QGIS 3.22.4, on Windows 11, with shapefiles and a lot of reports. On an initial project, only looking at roads, footpathes on a defined region, we started to work with new shapefiles linked to hikes in this region.

Originally, it was a marginal project, but days after days, it became greater, and now I have to envisage to have a specific QGIS project for this, of course without loosing what has ben done.

The way I imagine is to copy the whole original project to another directory (easy to do), give it a new name (is a simple rename of the qgz file enough?), and then delete the unnecessary shapefiles from the original project (easy to do).

Will this new renamed project automatically use the copied shapefiles or are there some other modifications to do? How can I check this?

I did not succeed to find documentation for this process.

2 Answers 2


Avoid broken links to layer sources

If you move the project to another folder and you used relative paths for your layers, all references to the files will be broken. Opening the project, QGIS will not find the layer sources. You will get a prompt Handle Unavailable Layers where you could manually set the path. If you have many layers in the project, this is cumbersome, however.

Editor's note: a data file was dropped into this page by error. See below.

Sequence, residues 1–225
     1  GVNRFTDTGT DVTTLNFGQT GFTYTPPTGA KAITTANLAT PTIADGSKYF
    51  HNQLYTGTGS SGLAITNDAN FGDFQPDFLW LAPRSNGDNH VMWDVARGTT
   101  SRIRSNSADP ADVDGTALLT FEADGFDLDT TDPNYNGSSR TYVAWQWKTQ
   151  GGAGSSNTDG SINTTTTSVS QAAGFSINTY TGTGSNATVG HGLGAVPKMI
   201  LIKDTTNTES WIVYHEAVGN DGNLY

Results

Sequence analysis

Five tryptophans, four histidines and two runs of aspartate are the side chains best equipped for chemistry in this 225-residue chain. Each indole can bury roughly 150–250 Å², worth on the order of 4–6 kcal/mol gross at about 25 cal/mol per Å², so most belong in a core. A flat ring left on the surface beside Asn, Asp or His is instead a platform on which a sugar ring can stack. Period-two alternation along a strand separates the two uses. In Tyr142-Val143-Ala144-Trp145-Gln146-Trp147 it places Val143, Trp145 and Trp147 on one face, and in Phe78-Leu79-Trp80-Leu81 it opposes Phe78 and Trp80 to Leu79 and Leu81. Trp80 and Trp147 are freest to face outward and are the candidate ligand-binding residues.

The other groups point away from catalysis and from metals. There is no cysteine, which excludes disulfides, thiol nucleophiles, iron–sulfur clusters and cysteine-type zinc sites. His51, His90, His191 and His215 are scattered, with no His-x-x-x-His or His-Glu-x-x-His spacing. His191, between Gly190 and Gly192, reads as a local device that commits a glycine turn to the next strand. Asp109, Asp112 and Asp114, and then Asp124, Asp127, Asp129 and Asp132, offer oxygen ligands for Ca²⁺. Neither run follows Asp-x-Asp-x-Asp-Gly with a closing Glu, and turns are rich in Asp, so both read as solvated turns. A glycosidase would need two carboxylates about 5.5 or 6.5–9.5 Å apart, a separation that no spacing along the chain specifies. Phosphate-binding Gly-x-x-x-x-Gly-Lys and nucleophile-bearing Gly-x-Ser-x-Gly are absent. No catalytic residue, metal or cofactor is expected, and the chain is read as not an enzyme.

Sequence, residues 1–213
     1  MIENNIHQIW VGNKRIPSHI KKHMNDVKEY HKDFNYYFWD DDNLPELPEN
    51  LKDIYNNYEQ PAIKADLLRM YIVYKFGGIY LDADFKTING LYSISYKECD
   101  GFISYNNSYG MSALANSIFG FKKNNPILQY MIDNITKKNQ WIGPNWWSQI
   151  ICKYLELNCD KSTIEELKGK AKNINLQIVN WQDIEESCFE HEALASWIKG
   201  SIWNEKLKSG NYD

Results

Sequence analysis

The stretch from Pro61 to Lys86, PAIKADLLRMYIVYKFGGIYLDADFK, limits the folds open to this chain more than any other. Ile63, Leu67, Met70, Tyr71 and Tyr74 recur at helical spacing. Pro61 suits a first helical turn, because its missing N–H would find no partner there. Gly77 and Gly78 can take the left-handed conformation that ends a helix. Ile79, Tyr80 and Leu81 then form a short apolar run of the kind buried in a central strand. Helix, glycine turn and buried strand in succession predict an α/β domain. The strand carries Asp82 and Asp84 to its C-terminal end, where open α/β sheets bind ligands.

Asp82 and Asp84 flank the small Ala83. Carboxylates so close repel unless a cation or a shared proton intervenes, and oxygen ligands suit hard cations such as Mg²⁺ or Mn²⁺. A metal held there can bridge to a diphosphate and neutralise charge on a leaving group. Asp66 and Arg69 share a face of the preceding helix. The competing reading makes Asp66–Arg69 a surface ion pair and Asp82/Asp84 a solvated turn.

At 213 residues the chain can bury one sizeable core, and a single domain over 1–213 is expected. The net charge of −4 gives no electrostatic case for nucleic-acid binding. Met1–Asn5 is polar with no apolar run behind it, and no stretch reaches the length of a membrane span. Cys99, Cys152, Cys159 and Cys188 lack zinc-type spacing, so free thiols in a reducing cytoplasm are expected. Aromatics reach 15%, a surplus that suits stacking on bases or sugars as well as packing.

Solution: use absolute paths instead of relative ones

If you used absolute file paths in the project and stay on the same machine, you will not have any problems. So easiest solution is to make sure you save your project with absolute paths. Then you can move the project file wherever you want (as long as you stay on the same machine).

How to change to absolute paths

To check what kind of paths your project uses and to change to absolute paths, go to Menu Project > Properties > General Tab and look for Save Paths, where you can choose between Relative or Absolute. If it is set to relative path, change to absolute path and save the project again. You can than save the project file (or a copy of it) wherever you want on your machine.

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Project Packer plugin

Alternatively, there is a plugin available called Project Packer:

Gathers scattered data to make the project portable This plugin exports a portable project by copying the data scattered on the disk into a specified directory. On output, the directory structure below the project home is copied, but unnecessary files are not copied.

Be aware